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Re: What is biomechanics? (or, The Truth About Flying Snakes - Was: Re: science and philosophy)

--- Colin McHenry <cmchenry@westserv.net.au> wrote:
> John Conway wrote -
> >I'm sorry, I don't think there is "confusion" among cladists that you
> >refer to. In fact there is remarkable consistency - Dromaeosaurs and
> >Troodontids are the closest to birds.
> Which just supports my point.  Dromaeosaurs and Troodontids make pretty poor
> precurosrs for a flying animal (from a biomechanical point of view), if you
> ask me.

Did he say "precursor"? No.

_Deinonychosauria_ (including _Dromaeosauridae_ and _Troodontidae_) is the
sister group to _Avialae_ (non Gauthier & de Queiroz), not an ancestral
assemblage. Deinonychosaurs aren't precursors to avians any more than
monotremes are precursors to therian mammals.

> Look, I know that this is the sort of statement that gets quoted back at you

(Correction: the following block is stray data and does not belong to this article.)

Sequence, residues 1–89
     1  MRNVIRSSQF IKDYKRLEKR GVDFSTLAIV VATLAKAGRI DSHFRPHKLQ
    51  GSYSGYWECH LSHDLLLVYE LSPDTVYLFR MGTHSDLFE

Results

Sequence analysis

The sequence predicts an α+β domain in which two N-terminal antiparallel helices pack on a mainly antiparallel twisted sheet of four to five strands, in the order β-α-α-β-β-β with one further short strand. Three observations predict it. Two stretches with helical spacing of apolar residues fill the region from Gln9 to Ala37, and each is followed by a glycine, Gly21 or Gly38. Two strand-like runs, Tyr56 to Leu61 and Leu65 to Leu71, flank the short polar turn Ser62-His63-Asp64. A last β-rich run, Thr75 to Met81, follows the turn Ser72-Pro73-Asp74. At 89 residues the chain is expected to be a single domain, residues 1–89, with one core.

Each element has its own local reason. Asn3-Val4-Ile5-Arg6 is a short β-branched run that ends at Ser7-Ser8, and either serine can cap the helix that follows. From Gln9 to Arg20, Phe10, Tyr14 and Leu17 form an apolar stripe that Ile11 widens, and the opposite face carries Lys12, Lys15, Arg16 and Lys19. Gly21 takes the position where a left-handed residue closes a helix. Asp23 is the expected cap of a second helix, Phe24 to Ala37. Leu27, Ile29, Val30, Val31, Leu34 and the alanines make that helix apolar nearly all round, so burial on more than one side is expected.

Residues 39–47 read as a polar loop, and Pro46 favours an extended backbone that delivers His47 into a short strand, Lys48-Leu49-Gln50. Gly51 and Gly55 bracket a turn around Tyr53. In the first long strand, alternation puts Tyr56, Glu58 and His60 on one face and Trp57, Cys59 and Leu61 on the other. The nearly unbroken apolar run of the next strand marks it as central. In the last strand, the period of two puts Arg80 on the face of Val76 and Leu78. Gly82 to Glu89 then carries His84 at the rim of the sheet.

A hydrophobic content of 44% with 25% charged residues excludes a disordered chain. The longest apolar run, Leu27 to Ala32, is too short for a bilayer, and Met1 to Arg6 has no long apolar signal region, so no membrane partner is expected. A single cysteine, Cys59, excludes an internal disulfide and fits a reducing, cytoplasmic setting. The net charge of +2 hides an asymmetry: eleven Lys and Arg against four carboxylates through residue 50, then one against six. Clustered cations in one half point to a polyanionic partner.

> 20 years later to show just how bad humans are at making predictions, but;
> ....If I was charged with turning a theropod dinosaur into a bird then
> _Velociraptor_ or _Troodon_ are not the sort of animals I'd be starting off
> with.  I'd be looking for a small insectivorous thing scurrying around in
> the forests.

_Velociraptor_ and _Troodon_ are from the end of the Mesozoic -- they had
plenty of time to evolve from the eumaniraptoran ancestor of _Deinonychosauria_
and _Avialae_, which may well have been "a small insectivorous thing scurrying
around in the forests".

=====> T. Michael Keesey <keesey@bigfoot.com>
=====> The Dinosauricon <http://dinosauricon.com>
=====> BloodySteak <http://bloodysteak.com>
=====> Instant Messenger <Ric Blayze>

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